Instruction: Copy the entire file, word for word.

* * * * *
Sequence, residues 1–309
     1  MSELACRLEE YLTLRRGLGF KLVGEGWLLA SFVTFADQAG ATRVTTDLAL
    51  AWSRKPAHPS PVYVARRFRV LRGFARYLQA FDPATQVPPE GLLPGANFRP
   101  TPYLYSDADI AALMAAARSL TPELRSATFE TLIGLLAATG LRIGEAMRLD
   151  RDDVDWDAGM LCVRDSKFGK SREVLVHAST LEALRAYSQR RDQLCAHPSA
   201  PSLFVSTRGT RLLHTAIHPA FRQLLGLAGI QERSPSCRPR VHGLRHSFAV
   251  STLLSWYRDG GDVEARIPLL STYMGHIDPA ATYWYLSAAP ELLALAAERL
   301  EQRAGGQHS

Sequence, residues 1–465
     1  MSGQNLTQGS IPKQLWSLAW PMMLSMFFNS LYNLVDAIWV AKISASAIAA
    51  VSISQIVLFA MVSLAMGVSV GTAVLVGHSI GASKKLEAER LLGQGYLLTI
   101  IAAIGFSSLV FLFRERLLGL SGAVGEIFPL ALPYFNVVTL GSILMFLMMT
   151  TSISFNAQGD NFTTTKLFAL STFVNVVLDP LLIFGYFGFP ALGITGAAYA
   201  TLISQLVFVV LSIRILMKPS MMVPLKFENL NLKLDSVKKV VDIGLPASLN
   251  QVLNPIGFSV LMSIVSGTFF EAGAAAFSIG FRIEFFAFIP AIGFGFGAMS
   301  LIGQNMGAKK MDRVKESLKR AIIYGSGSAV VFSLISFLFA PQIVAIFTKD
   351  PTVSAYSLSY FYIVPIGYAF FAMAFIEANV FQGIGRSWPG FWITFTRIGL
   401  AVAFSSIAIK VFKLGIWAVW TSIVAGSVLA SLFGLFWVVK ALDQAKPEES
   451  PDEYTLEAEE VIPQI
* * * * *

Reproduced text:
Sequence, residues 1–309
     1  MSELACRLEE YLTLRRGLGF KLVGEGWLLA SFVTFADQAG ATRVTTDLAL
    51  AWSRKPAHPS PVYVARRFRV LRGFARYLQA FDPATQVPPE GLLPGANFRP
   101  TPYLYSDADI AALMAAARSL TPELRSATFE TLIGLLAATG LRIGEAMRLD
   151  RDDVDWDAGM LCVRDSKFGK SREVLVHAST LEALRAYSQR RDQLCAHPSA
   201  PSLFVSTRGT RLLHTAIHPA FRQLLGLAGI QERSPSCRPR VHGLRHSFAV
   251  STLLSWYRDG GDVEARIPLL STYMGHIDPA ATYWYLSAAP ELLALAAERL
   301  EQRAGGQHS

Sequence, residues 1–465
     1  MSGQNLTQGS IPKQLWSLAW PMMLSMFFNS LYNLVDAIWV AKISASAIAA
    51  VSISQIVLFA MVSLAMGVSV GTAVLVGHSI GASKKLEAER LLGQGYLLTI
   101  IAAIGFSSLV FLFRERLLGL SGAVGEIFPL ALPYFNVVTL GSILMFLMMT
   151  TSISFNAQGD NFTTTKLFAL STFVNVVLDP LLIFGYFGFP ALGITGAAYA
   201  TLISQLVFVV LSIRILMKPS MMVPLKFENL NLKLDSVKKV VDIGLPASLN
   251  QVLNPIGFSV LMSIVSGTFF EAGAAAFSIG FRIEFFAFIP AIGFGFGAMS
   301  LIGQNMGAKK MDRVKESLKR AIIYGSGSAV VFSLISFLFA PQIVAIFTKD
   351  PTVSAYSLSY FYIVPIGYAF FAMAFIEANV FQGIGRSWPG FWITFTRIGL
   401  AVAFSSIAIK VFKLGIWAVW TSIVAGSVLA SLFGLFWVVK ALDQAKPEES
   451  PDEYTLEAEE VIPQI